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The disease known as late-onset Alzheimer's disease is a neurodegenerative condition recognized as the single most common form of senile dementia. The condition is sporadic and has been attributed to neuronal damage and loss, both of which have been linked to the accumulation of protein deposits in the brain. Significant progress has been made over the past two decades regarding our overall understanding of the apparently pathogenic entities that arise in the affected brain, both for early-onset disease, which constitutes approximately 5% of all cases, as well as late-onset disease, which constitutes the remainder of cases. Observable neuropathology includes: neurofibrillary tangles, neuropil threads, neuritic senile plaques and often deposits of amyloid around the cerebrovasculature. Although many studies have provided a relatively detailed knowledge of these putatively pathogenic entities, understanding of the events that initiate and support the biological processes generating them and the subsequent observable neuropathology and neurodegeneration remain limited. This is especially true in the case of late-onset disease. Although early-onset Alzheimer's disease has been shown conclusively to have genetic roots, the detailed etiologic initiation of late-onset disease without such genetic origins has remained elusive. Over the last 15 years, current and ongoing work has implicated infection in the etiology and pathogenesis of late-onset dementia. Infectious agents reported to be associated with disease initiation are various, including several viruses and pathogenic bacterial species. We have reported extensively regarding an association between late-onset disease and infection with the intracellular bacterial pathogen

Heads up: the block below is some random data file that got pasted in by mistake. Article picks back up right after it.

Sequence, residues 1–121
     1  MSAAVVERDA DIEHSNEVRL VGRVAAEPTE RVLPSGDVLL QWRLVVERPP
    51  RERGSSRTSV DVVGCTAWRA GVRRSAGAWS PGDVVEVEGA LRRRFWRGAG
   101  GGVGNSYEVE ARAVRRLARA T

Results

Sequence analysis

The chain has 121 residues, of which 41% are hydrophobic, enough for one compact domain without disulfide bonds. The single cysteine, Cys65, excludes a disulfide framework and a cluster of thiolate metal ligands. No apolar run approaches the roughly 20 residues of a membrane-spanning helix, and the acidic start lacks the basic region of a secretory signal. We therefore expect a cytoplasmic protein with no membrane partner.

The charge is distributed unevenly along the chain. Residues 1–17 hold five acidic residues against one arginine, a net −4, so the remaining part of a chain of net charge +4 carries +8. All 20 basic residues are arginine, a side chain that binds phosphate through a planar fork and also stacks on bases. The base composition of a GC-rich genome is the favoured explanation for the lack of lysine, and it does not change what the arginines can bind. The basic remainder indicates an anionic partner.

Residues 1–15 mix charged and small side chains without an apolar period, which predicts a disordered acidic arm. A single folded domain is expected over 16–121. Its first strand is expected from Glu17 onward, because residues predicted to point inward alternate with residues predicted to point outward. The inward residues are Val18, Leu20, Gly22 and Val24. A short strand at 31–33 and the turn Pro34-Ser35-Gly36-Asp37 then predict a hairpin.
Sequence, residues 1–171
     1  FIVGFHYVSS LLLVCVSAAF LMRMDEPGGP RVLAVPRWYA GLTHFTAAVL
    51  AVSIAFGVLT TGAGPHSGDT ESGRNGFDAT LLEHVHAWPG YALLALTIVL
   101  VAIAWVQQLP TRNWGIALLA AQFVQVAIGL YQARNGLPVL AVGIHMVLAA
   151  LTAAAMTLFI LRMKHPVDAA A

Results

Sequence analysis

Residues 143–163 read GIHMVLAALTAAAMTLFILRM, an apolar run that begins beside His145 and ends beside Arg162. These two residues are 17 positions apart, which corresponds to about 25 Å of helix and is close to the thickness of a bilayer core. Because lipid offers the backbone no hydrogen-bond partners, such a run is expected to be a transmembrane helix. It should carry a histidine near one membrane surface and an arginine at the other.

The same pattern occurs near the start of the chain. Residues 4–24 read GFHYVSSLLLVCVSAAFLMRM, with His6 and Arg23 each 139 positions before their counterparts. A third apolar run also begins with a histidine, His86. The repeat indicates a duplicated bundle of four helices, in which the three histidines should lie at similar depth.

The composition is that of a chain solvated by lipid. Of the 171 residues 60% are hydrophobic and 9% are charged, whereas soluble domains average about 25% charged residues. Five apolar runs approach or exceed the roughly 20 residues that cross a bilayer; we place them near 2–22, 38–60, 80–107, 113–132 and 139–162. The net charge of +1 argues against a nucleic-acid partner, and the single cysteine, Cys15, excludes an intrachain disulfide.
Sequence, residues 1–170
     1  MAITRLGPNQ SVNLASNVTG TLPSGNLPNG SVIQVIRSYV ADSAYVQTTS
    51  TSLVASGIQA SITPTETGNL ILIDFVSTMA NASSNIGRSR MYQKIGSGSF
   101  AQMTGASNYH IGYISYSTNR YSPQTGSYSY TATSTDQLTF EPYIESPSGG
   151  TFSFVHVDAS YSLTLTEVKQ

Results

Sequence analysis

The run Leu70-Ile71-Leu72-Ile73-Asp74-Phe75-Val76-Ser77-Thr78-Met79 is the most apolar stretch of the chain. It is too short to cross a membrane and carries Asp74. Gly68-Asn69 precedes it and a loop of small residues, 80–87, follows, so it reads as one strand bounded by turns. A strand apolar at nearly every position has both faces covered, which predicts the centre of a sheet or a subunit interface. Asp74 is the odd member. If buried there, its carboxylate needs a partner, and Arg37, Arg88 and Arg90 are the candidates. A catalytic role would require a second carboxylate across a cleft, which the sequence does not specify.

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Frontiers in Aging Neuroscience



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This article was published in Frontiers in Aging Neuroscience, Volume 10.

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Copyright © 2018 the authors. CC BY 4.0.